SR: Ah, the job losses. Do you have any idea of numbers at this point?
LS: No at this point we don't have any number on the people who have lost jobs or haven't got jobs. I know there are some, particularly in the previous administration of Norfolk Island, there are very, very skilled people out there in office work, and typing, and clerical who have now been unable to get a job. The old office workers haven't been able to get a job.
SR: What happens to them? Do they get some unemployment benefit through the Australian state?
LS: Well in Australia they've got this scheme they call the 'New Start Allowance,' which really they can start you on a new job. But there are no jobs here for you to start in and to get the unemployment benefit is not that easy as well, particularly if you've got assets. They said, 'oh you've got so many assets you don't need assistance.' Well, some of the assets to them are not quickly convertible to cash.
SR: When we spoke to you a month ago also Mr Snell, you talked about three businesses closing on the first of July because they didn't want to be conducting their business because of the tax system. Have there been any more businesses closing? Or businesses opening?
LS: The only new businesses, really, that are opening; I think there's been one chocolate shop, you know good luck to them, but a lot of taxation offices are opening to assist people in their tax arrangements, but as for places closing there are some on the brink. I've spoken to a few shopkeepers and we're in a real downturn in tourism and I think some of them are contemplating what are they going to do next?
SR: Within the council, what plans, what ideas, have you got any momentum going to try and get things moving?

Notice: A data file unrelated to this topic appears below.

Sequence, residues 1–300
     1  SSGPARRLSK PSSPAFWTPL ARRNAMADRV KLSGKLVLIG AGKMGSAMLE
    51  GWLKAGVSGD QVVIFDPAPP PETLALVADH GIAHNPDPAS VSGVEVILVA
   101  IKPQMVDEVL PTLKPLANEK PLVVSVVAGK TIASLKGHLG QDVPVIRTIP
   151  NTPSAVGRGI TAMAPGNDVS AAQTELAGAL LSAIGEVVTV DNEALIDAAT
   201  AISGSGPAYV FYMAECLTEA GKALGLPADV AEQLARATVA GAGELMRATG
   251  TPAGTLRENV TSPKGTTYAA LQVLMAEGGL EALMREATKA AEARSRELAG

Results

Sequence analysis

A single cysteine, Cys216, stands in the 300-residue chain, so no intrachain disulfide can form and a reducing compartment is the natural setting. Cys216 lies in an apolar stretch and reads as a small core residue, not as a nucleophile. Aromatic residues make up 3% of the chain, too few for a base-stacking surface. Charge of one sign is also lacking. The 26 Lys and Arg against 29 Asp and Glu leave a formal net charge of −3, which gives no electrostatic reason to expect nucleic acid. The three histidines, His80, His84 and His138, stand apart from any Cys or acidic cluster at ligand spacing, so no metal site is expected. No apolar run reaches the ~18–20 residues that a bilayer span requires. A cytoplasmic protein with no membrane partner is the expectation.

LS: Yes we have. We're looking at the budget issues - the budget for the period 2016/17 still shows a huge deficit. Personally I think it will be higher than any that the legislative assembly had and the system that we have here now precludes us from earning revenue like we did before, such as our GST - we had our own GST here but that's been abolished; Customs duty has been abolished; All the taxation that's raised on the island from income goes off the island, so we don't see that circulating; Certainly, they've taken over the hospital and the medical situation and pensions and they've taken over the expenses of running the school and the total expense of running the police force, even though the previous legislative assembly assisted there to 70 percent. But it's not equating. It appears the system here on the island now is going to cost more money than under the previous administration under the previous assembly.
SR: You've got a finite sum coming to you from Australia.
LS: Well none of that is guaranteed. It's only on application, on a grant system and it depends on how well you can word you application for assistance. None of it is guaranteed that they will fund anything except at the moment it's guaranteed that they're going to spend some money on the roads, and that will probably dry up within the next six months, and they're certainly going to be spending a lot of money on improving the Cascade Jetty, which is one of their facilities on the island anyway, but it's certainly a facility that serves Norfolk Island.